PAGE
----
The largest Crocodile skull in the world is carefully stored in a Russian museum. Probably temperature controlled. Guarded by some enormous Babushka with arms bigger, and hairier, than my wee Scottish legs.
The second largest is lying around in a pub just outside of Darwin. Ha!
Oh, and in a wee enclosure behind the pub, where we were camped, was a 4.5metre salt water crocodile called Brutus. He was, freakin’ enormous! We picked up Aunty Emily from the airport, and brought her back to our classy abode.
The next morning we packed up, and 2o minutes later we were on the banks of the Adelaide river, about to board the Spectacular Jumping Crocodile Tour. As the guy on our Daintree Crocodile Cruise had told us, the laws up here are a little lax compared to the rest of the world, so they’re allowed to feed Crocodiles in the wild.
Even boarding the boat, we were told to be careful.
“There are large Crocodiles living under the pontoon, and if you stick your hand out over the edge, these guys can jump up and grab you. Don’t do that.” he said.
No problem mister. I’ll just hold onto Skye then. We boarded, and there were two rows of seats facing toward the edge. We were told NOT to leave our seats, and then we headed up stream. Straight away we saw a massive Crocodile over the other side of the river, but he said he was going to give that one a miss. Oh. OK.
He found a female lying on a bank, she swam out as we approached and this woman hung a bit of meat over the edge on a stick. Eventually the crocodile used its tail to propel out of the water, grabbed the meat, and it was done.
We did this a few times. Once with a gnarly old Croc who couldn’t be bothered, and then on the way back they threw bits of meat up to the Kites, which swooped down and grabbed them out of the air.
I was expecting it to be, as the name suggests, spectacular. But it wasn’t. Don’t get me wrong it was pretty good. But it wasn’t as exciting as watching the crocodile just cruise up the Yellow River in Kakadu.
I don’t know, something about the forced nature of it, as opposed to the natural encounter we had only days before. I think if we’d seen a huge crocodile jump out the water and snap his jaws right in front of us, then fair enough. But we didn’t. We saw a few smallish Crocs reluctantly jump for a few little bits of meat, and one old fella who couldn’t be arsed. Even though we were told it’s natural behaviour for these guys, it just didn’t feel right.
Anyhoo, jumping crocodile cruise complete, it was off to Litchfield National Park for a bit more wilderness, and Katie’s seventh birthday party 🙂
We set up camp at Florence Falls, had a bit of lunch and then we couldn’t keep Katie off the presents any longer. Emily had some gifts, Granny had posted a few and when they were combined with ours, there was a good spread for her to get stuck into. We had cake. We had party masks. Katie had made invitations. It was lovely.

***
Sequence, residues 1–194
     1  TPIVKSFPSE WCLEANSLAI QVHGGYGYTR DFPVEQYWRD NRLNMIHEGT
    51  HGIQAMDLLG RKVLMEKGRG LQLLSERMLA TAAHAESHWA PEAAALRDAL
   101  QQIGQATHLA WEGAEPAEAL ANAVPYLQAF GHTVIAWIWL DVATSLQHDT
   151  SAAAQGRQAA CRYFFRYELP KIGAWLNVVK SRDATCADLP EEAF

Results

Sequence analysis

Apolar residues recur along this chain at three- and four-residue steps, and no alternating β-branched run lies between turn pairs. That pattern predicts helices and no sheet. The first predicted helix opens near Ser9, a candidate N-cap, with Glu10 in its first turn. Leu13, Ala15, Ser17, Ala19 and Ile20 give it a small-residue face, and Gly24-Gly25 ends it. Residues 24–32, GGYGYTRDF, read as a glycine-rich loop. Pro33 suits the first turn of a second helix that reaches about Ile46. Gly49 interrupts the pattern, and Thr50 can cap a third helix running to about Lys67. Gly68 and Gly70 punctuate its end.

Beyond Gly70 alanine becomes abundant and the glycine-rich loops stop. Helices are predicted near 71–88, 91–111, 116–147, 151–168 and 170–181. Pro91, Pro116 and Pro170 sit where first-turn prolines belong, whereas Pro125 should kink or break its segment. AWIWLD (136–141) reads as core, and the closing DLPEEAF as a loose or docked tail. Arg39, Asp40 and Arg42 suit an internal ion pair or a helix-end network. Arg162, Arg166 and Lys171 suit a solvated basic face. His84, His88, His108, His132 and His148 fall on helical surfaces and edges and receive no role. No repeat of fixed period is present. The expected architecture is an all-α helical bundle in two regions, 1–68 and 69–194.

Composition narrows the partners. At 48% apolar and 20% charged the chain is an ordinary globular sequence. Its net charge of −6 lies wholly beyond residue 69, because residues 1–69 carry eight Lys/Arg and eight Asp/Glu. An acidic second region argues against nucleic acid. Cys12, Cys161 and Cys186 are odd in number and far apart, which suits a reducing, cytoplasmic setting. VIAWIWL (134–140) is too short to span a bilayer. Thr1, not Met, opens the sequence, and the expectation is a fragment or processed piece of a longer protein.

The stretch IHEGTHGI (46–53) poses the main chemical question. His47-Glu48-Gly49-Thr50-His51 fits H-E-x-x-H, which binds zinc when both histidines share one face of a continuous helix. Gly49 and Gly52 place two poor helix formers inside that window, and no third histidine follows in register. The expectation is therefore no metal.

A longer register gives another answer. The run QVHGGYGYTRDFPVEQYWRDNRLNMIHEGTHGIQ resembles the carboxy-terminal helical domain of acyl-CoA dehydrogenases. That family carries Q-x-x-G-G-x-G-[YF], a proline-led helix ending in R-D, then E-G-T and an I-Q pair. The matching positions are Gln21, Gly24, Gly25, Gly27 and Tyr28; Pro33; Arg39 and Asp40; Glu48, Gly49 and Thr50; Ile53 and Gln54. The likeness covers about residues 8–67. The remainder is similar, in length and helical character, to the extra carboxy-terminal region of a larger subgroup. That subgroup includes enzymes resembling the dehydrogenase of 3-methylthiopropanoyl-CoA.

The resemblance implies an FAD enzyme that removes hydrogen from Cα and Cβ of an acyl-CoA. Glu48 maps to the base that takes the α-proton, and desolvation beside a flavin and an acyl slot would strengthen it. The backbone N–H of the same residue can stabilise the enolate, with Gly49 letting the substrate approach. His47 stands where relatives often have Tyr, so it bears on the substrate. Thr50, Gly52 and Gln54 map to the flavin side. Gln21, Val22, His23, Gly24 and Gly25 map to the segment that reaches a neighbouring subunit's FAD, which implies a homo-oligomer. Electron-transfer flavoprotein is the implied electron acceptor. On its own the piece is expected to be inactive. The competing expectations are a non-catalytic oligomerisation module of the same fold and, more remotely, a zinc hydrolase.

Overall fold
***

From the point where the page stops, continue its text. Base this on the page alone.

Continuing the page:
And now in the back of the car, in addition to the rope, whip and cowboy hat, we have a bow and arrow.
Litchfield was nice, but compared to Kakadu it seemed a little tame. There were lots of waterfalls. A cool rock formation called the Lost City that felt like something out of an Indian Jones movie. A fair few termite mounds.
Nothing that blew your mind though.
Three days camping, and it was time to head to the big smoke.
It was Thursday when we arrived and the famous Mindil Beach Night Markets were on, so we ordered a taxi, and off we went.
The sunset was beautiful, the crowd was chilled out and very diverse. There was mix of Aboriginies, Asians, Indians, all sorts happily getting along with each other. I loved it. There was wonderful food, great music and wide array of crafts too. A fantastic first taste of Darwin.
Off to the waterfront the next day and it was just like being in Sydney. Fancy and overpriced, but quite nice. Erin took the girls for a swim, and Emily and I went to the Royal Flying Doctors Museum, which was unexpectedly, brilliant.
The Royal Flying Doctor Service is a unique Ambulance service that picks up anyone, from virtually anywhere in Australia, and takes them to the nearest hospital which could be thousands of miles away. They cover 80% of Australia’s landmass with a fleet of 60 purpose built single prop airplanes.
Having driven through some of the more remote parts of this country, I can well understand how important this service would be if you were living on a cattle station. Without it, an accident that could easily handled with the right treatment, could become life threatening pretty quickly.
It makes you realise how much Australians are committed to looking out for each other. Well. In the bush that is. In the city it’s still every man for himself. But the vast distances involved in the majority of this country, I think, has contributed to the concept of ‘mateship’ that many Australian’s demonstrate and hold dear. And the RFDS really encapsulates that.
They also had a set of virtual reality goggles that put you in the middle of Darwin when it was bombed during WWII. I’d never had a set of these on before, and the experience was actually quite emotional.
The bombing took place 10 weeks after Pearl Harbour, and was planned by the same general. I didn’t really know that much Darwin’s involvement in the war effort before heading up here, so it was all very interesting.
The next day we went to the wave pool which was only $27 for a family, for the whole day, and there was free parking at the weekend! Sydney take note.
Eventually Emily left, we had another few days in Darwin getting ready, and we met our friend Jo again!
Now, time to get going. Western Australia and the Gibb River Road is calling – another one of those iconic 4WD trips that might shake your vehicle to pieces, but the places it takes you, are unbelievable.
Oh yeah 🙂